I particularly enjoy the hypocrit example. My question is, “Are there hypocrits in the grocery store?”

  • Raymond Luyet

    I believe this one of the best articles I have ever read. I also believe it should be mandatory reading in all schools of higher education.

  • Nick

    an extremely moving article. I myself am an unabashed atheist, but I always find myself disturbed when other atheists attack religion so venomously. I think religious is inherently a good thing for humanity, and I would not wish atheism upon everyone.

  • Ted Smith

    Your analysis of the interplay between loss of virtue and the rise of government is preceptive.

    And, as to the hypocrisy issue, my wife and I have raised five children in a religious home. At the same time, my actions fall short of my beliefs at times–yet I’ve tried to continue to teach my children the right way (and have tried to be up-front whenever I’m telling to do what I say instead of what I do). I then try to mend my ways so that they can see that even dumb old dad can change. If we have to attain perfection before commenting on religious/ethical topics, we would all stand mute.

  • Mark Steven Zuelke

    “”And the problems we face today can’t be addressed constructively without getting into the deep stuff and asking the hardest questions about the things that matter most.””
    This is the reason progressives, and all secularists, have proven lately that they cannot solve political and social problems and instead rely upon ad hominem in their struggle to remain in power. They have only rehashed, unworkable ideas from the past, or “new” ideas that sprout from the effect of redefining, distorting and/or neglecting honest first principles (which they abhor in the first place!). For instance, if political parties relied on the Constitution and the Federalist papers for solutions to political and social problems, but merely had differences of perspective, degree or intent among them, much would still be debated but would then “progress” Constitutionally. What we have now, in one party, is ad hoc, ad hominem and no depth.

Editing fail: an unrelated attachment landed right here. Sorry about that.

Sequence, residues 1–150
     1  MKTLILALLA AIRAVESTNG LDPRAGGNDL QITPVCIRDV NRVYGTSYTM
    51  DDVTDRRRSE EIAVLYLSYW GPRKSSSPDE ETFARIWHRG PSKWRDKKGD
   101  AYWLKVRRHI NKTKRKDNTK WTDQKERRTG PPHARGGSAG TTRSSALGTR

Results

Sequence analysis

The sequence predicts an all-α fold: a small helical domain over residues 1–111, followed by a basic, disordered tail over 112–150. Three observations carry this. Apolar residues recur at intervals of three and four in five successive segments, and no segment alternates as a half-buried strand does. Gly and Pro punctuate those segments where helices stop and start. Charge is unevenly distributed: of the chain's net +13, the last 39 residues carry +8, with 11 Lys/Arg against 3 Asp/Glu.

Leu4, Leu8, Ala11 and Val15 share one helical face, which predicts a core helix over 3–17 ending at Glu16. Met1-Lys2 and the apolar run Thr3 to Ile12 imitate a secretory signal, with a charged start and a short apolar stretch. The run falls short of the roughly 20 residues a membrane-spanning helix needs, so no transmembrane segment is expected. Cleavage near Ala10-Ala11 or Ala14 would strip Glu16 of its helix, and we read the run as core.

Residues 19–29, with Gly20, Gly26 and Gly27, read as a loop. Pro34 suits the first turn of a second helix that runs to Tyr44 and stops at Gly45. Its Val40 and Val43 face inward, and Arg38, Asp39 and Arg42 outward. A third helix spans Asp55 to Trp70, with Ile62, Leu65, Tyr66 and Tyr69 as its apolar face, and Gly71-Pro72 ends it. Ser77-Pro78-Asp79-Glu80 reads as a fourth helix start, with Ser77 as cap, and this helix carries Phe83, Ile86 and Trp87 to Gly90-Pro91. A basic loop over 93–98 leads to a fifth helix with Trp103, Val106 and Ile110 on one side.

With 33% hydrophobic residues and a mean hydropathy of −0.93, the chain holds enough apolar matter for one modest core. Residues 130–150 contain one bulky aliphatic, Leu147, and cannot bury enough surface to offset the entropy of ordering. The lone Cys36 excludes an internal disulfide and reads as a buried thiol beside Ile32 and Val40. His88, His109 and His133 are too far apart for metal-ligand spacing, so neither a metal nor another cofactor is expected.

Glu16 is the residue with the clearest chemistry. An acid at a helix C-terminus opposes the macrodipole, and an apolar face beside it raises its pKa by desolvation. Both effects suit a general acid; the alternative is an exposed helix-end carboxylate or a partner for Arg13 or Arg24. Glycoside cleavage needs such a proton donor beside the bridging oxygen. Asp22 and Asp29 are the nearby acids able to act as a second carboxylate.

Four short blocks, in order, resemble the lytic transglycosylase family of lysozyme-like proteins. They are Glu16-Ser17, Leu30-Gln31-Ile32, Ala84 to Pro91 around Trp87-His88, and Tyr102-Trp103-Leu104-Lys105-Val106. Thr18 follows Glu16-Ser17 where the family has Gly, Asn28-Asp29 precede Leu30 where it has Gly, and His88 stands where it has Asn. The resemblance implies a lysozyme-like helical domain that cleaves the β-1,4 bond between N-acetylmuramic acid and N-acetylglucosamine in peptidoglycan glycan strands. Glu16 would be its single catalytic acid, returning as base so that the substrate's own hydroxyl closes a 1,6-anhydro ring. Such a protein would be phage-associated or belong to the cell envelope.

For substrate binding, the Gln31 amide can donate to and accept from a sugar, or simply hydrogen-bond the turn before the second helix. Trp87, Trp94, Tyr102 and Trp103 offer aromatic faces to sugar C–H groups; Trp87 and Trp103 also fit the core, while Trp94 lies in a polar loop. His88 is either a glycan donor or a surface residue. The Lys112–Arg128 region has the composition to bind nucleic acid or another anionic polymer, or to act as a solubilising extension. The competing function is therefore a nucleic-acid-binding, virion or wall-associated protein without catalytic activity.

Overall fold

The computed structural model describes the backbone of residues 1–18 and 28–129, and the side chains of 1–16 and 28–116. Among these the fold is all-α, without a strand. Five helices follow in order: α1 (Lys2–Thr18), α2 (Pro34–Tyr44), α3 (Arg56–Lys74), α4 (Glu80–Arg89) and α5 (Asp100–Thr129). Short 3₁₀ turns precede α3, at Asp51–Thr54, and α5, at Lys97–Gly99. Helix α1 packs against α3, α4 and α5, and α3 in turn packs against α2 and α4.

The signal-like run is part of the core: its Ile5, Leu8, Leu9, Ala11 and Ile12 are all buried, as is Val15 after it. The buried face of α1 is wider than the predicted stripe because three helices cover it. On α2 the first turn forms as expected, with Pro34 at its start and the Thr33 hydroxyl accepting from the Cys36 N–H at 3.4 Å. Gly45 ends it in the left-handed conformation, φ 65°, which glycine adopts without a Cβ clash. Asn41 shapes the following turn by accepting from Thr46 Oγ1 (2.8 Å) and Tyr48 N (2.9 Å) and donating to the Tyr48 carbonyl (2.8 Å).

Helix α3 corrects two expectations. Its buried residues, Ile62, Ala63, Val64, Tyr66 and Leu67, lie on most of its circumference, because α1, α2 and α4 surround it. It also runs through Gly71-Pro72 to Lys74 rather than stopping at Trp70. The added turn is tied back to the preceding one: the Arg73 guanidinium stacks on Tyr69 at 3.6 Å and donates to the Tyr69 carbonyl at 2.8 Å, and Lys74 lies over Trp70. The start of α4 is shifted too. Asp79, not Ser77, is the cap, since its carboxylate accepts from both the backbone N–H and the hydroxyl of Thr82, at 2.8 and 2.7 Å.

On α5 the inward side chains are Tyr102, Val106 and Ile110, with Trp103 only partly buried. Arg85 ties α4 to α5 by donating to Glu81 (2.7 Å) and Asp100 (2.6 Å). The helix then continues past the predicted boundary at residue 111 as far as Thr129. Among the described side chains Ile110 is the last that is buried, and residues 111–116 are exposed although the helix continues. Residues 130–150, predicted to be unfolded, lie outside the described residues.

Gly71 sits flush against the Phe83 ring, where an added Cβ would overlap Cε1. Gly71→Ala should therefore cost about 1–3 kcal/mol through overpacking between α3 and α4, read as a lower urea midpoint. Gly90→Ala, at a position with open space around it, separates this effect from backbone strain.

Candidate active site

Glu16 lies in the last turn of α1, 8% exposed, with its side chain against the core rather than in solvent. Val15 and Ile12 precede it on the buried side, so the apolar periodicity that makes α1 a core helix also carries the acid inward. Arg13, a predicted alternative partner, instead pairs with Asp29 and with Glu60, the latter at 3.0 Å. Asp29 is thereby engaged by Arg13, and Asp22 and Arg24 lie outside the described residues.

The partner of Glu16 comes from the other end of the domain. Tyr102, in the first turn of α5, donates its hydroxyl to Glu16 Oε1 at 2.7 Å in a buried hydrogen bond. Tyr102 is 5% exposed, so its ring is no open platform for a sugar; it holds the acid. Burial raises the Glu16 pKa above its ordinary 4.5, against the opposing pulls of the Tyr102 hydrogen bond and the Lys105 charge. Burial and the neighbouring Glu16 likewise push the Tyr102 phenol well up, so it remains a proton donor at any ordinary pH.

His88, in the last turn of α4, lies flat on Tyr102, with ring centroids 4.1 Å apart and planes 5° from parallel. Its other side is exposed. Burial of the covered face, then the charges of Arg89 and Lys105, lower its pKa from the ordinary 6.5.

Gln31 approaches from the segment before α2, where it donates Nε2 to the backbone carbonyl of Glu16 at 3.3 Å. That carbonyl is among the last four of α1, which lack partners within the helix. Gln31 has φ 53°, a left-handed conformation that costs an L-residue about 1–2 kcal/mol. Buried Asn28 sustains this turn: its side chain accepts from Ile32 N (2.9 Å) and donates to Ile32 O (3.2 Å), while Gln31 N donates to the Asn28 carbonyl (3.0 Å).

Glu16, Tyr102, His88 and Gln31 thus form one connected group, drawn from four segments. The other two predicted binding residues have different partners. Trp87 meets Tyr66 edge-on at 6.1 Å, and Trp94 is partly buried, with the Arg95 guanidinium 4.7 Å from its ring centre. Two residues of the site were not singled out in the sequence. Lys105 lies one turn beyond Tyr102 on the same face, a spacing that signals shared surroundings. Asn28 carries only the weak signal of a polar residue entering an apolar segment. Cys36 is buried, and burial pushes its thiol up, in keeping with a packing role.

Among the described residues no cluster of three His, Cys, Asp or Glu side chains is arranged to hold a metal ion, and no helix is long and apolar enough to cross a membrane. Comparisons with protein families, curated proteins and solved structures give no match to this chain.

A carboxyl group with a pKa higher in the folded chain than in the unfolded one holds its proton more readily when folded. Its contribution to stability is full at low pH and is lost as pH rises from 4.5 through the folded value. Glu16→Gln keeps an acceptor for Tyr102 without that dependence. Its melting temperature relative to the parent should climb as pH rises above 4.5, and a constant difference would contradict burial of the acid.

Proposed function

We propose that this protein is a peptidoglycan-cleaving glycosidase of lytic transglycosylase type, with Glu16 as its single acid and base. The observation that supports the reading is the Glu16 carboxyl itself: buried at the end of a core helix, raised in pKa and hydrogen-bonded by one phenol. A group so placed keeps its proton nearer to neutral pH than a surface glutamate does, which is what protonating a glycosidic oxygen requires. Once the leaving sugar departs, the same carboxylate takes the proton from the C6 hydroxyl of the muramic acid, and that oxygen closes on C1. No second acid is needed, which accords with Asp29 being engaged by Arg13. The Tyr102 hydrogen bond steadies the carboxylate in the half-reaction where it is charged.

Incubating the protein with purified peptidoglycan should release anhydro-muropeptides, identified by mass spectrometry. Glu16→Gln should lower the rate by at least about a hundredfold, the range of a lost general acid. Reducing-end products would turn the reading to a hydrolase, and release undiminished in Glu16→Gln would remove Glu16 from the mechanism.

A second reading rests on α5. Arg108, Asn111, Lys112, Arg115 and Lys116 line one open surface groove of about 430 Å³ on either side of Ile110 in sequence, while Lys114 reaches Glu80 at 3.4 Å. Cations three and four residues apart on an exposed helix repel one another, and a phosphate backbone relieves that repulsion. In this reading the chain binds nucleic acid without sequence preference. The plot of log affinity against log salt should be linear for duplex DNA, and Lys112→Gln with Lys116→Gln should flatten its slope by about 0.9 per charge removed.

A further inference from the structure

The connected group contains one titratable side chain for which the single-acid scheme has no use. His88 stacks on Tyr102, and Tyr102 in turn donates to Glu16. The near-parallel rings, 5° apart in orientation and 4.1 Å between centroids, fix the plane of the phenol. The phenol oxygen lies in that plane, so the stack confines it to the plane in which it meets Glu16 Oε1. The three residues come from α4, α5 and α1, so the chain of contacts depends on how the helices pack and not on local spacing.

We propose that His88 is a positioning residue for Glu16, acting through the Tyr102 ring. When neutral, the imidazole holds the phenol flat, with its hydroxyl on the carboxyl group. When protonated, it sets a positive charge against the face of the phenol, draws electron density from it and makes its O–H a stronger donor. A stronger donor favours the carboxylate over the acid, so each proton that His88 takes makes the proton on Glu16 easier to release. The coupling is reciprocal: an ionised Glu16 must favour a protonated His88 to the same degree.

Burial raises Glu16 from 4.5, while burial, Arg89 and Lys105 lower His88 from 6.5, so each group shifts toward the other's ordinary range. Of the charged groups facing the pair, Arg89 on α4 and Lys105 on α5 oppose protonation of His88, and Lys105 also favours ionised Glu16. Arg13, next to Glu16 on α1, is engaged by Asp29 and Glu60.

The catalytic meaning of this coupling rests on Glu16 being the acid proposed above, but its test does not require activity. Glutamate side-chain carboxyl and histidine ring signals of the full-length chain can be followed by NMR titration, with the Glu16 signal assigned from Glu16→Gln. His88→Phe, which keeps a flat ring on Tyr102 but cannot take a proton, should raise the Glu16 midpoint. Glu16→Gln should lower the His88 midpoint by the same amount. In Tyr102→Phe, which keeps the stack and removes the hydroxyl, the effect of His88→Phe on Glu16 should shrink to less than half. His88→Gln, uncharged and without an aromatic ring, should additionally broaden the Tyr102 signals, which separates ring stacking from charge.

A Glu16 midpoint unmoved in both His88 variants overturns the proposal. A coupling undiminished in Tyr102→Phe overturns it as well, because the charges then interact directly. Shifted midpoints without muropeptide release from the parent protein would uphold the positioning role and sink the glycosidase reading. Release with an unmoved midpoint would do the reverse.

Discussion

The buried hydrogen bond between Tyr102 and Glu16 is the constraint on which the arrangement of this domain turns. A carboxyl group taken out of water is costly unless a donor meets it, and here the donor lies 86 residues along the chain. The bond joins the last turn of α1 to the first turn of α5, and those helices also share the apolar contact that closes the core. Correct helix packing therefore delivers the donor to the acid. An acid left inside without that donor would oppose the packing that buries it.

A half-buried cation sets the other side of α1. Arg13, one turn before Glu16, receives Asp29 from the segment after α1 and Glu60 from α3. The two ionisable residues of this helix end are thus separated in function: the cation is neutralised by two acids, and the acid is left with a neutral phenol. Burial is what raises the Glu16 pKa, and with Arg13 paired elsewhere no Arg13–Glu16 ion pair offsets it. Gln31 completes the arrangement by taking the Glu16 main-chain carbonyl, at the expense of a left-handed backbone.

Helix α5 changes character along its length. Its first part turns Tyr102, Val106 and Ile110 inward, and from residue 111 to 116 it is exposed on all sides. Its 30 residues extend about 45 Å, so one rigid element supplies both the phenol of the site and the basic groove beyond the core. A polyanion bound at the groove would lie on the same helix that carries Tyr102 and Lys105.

America is beloved because we have a deep attachment to first principles, not because we are “politically correct”.

  • Hannah Katz

    Wow, those atheists had better watch it. By saying that all religions are scams, they are ridiculing Islam. That is a good way to find yourself dead and mutilated.

  • Ken

    Good post- I believe de Tocqueville said it best – “Freedom requires morality, and morality requires faith.”

  • john a werneken

    Good article. In practical terms “only the feelings of awe, gratitude and fear occasioned by the awareness of a Creator can give them the strength and will to set out on the earnest and difficult road of struggle on the path to a moral life” is true.

    You may wish also to consider that major religions recognize both the individuality and fallibity of human beings and the common theme and potential transendence of humanity. A bridge betwen the obviously real and the known ideal.

    Also the basic two commanments are explained so many different ways that we sometimes pick up clues both to understanding them and to trying to practice them in our real lives. I refer to knowing right from wrong (“thou shalt love the Lord thy God with all thy heart, and with all thy soul, and with all thy mind, and with all thy strength”), and to becoming one’s best, happiest self through service (“Thou shalt love thy neighbour as thyself”).

  • MichaelC

    1. “Religion” is not a synonym for faith or for God or for Christianity. You use as if it were.
    2. Nowhere do I see the word “humility” .which essential to belief in God. We live in an age of arrogance top to bottom and on every side. More humility, I say

  • Mario